7. Bake for 8-10 minutes, until edges are golden brown. Let cool a few minutes before serving. Store in an airtight container in your fridge for several days.
FYI: This recipe makes 12-15 of these guys.


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8 Must-Have Kitchen Tools

>> Wednesday, April 15, 2015

I’ve been getting some emails with questions about kitchen and cooking stuff lately, so I thought rather than replying individually, I’ll post the answers here. Today’s “question” is more a conglomeration of different ones about what kitchen tools I use, why, and which are the best buys. Here are my top picks for things I use most every day in my cooking and baking.

(Also check out my list of Useless Kitchen Gadgets!)


I bake something almost every day. So, I use my BeaterBlade (sold for 4.5/5 quart + 6 quart mixers) almost as often. I used my KitchenAid mixer’s blade so much the paint started coming off. And I’ve had the BeaterBlade for at least four years -- heavy use -- with no problems.

Ninja Blender

Every food blogger has a blender preference. Healthy living bloggers, in particular, can’t live without Vitamix or Blendtec blenders, and I so wish one of those was in the budget for us. The thing is, we’ve been using our Ninja Blender for the last five or six years . . . and it’s still going strong. I’m able to blend greens, even tough kale, into smoothies. Soups are quite easy to pulse together. I’ve even made juice with my blender, etc. All for hundreds less than the other machines.

Silicone Spatulas 

Whether it’s smoothing out brownie batter or mixing together stir-fries, I use each my silicone spatulas -- I have four of them -- pretty much every day. I got my set at Kohl’s, but wherever you find them make sure to get the ones that are all one piece. That way there are no grooves to catch gross leftovers, and they’ll clean in a breeze. The ones in the link are heat-rated to 450 degrees F -- so check to make sure any you consider can stand up to whatever you plan to create.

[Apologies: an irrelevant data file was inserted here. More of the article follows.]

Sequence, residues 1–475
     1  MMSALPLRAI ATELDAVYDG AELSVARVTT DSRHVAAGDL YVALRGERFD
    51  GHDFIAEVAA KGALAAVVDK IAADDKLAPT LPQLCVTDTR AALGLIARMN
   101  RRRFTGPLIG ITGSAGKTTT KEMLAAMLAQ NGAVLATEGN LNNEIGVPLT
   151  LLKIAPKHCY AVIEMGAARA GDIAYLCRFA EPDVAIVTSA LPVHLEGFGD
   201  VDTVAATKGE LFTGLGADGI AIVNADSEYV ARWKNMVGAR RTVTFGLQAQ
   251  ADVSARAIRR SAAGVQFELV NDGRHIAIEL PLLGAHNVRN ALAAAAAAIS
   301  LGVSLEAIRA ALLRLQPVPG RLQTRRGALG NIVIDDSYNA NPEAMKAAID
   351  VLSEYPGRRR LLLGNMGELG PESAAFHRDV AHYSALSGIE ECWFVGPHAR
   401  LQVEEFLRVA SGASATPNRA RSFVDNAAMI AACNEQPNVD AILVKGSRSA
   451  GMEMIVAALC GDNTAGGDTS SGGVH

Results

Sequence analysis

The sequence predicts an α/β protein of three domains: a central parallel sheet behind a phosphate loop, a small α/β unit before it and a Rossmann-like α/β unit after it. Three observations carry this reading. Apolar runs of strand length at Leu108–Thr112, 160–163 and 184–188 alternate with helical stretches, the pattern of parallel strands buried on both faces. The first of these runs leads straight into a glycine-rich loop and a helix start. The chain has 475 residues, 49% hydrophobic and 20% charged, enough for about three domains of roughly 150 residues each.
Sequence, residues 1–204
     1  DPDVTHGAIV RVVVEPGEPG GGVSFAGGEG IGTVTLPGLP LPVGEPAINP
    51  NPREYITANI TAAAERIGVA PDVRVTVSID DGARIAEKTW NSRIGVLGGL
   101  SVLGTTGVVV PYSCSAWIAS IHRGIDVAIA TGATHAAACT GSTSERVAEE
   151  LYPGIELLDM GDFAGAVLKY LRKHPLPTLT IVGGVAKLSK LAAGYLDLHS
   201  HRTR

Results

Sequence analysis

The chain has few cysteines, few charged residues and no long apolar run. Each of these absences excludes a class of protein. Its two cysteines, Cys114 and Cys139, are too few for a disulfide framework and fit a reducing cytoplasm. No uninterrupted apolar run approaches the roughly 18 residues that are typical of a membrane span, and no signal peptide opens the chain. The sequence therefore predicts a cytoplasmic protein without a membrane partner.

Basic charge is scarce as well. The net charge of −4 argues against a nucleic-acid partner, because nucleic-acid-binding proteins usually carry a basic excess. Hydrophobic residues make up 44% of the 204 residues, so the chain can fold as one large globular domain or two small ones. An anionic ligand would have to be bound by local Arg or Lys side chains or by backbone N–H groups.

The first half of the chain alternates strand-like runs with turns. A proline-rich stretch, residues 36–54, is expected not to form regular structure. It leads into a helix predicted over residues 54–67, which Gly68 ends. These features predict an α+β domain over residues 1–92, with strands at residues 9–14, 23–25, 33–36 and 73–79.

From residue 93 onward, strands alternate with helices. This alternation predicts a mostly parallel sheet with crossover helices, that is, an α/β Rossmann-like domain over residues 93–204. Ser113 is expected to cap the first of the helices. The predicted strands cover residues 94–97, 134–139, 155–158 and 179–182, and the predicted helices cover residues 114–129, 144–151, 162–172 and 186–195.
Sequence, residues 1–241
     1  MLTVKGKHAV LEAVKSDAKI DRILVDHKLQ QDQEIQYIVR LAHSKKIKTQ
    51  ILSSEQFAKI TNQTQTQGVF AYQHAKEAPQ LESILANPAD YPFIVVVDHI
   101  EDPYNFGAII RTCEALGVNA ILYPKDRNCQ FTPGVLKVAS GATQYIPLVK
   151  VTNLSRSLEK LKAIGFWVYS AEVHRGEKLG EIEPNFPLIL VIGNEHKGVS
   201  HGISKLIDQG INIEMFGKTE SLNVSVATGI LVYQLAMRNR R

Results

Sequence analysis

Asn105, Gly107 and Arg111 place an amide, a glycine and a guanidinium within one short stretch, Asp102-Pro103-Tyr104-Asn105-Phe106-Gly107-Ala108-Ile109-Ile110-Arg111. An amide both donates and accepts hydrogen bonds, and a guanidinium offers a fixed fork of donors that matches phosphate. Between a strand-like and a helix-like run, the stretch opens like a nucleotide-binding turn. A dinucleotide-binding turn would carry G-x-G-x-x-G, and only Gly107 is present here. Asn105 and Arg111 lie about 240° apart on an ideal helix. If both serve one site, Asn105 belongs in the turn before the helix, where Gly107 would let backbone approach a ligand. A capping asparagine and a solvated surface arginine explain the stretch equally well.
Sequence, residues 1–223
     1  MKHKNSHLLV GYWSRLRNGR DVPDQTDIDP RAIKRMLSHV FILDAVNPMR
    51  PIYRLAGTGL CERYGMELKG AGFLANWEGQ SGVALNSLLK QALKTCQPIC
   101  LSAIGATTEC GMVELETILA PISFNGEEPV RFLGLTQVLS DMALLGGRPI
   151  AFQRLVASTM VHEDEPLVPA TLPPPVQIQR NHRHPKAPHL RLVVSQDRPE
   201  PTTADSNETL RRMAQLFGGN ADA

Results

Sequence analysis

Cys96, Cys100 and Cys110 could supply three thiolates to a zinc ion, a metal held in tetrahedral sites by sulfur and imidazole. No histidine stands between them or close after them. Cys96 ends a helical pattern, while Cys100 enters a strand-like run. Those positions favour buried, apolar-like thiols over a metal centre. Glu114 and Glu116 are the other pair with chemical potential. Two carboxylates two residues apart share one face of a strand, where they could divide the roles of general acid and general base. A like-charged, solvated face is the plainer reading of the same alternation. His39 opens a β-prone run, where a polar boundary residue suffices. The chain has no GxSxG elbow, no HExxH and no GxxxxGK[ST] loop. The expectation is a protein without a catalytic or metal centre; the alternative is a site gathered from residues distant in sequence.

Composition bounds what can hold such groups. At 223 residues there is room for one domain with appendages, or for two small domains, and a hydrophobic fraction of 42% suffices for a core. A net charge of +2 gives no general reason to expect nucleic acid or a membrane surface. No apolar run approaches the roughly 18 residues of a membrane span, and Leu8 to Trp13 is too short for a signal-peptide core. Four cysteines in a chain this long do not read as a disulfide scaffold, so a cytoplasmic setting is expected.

Dutch Oven

I waited the longest time to buy a large dutch oven because of the price. It seems like ever since I did, more and more have been popping up at stores like Home Goods, TJ Max, etc. -- at good price points. You can also find some online ranging from the luxury editions (Le Creuset 5-1/2 Quart at $299) to the budget-friendly (Lodge 6 Quart at $70). I make bakery style breads in my dutch oven, along with simmered soups and stews. They’re incredible versatile and should last a lifetime.

Slow Cooker

Of all our kitchen gadgets, the crock pot comes in the most handy year-round. The one we use -- an old Rival pot -- was given to me by my mother-in-law. Nowadays you can get a variety of slow cookers that can be programmed certain ways and others that have more than one pot for cooking or heating multiple meals. As I type this, I can smell the corn chowder I’ve tossed together for dinner simmering beautifully.

Dough Scoop

Somewhere along the way, I picked up a baking/ice cream scoop that I use to portion out my cookies. I also use the scoop to portion veggie burgers and other patty-like edibles. You’ll notice these guys come in different sizes, ranging from 1 tablespoon to 4 tablespoons (mine is the biggie!). Of course, you don’t need this tool, but it sure makes life easy with the sliding band that releases the cookie dough or ice cream or whatever else you’ve mixed together.

Ball Jars

We use our Ball jars of all shapes, sizes, and varieties for a number of purposes in the kitchen. We store a lot of our bulk foods on exposed shelving in extra tall wide mouth jars for easy grabbing. I freeze or put leftovers from different meals into other jars. We even use the jars to drink our water, beer, and tea. They all get washed together and then we have a good stock so we can shift their purpose according to what we need at the moment.

Large Bowl

A nice large, shallow mixing bowl works for so many things. You can hand mix breads and other baked goods. I like to chop up all my veggies and then hand mix my veggie burgers in the bowl. Big salads can be tossed together in a huge bowl. Sometimes we even just use ours to serve.

What did I miss? 

Add your must-haves in the comments!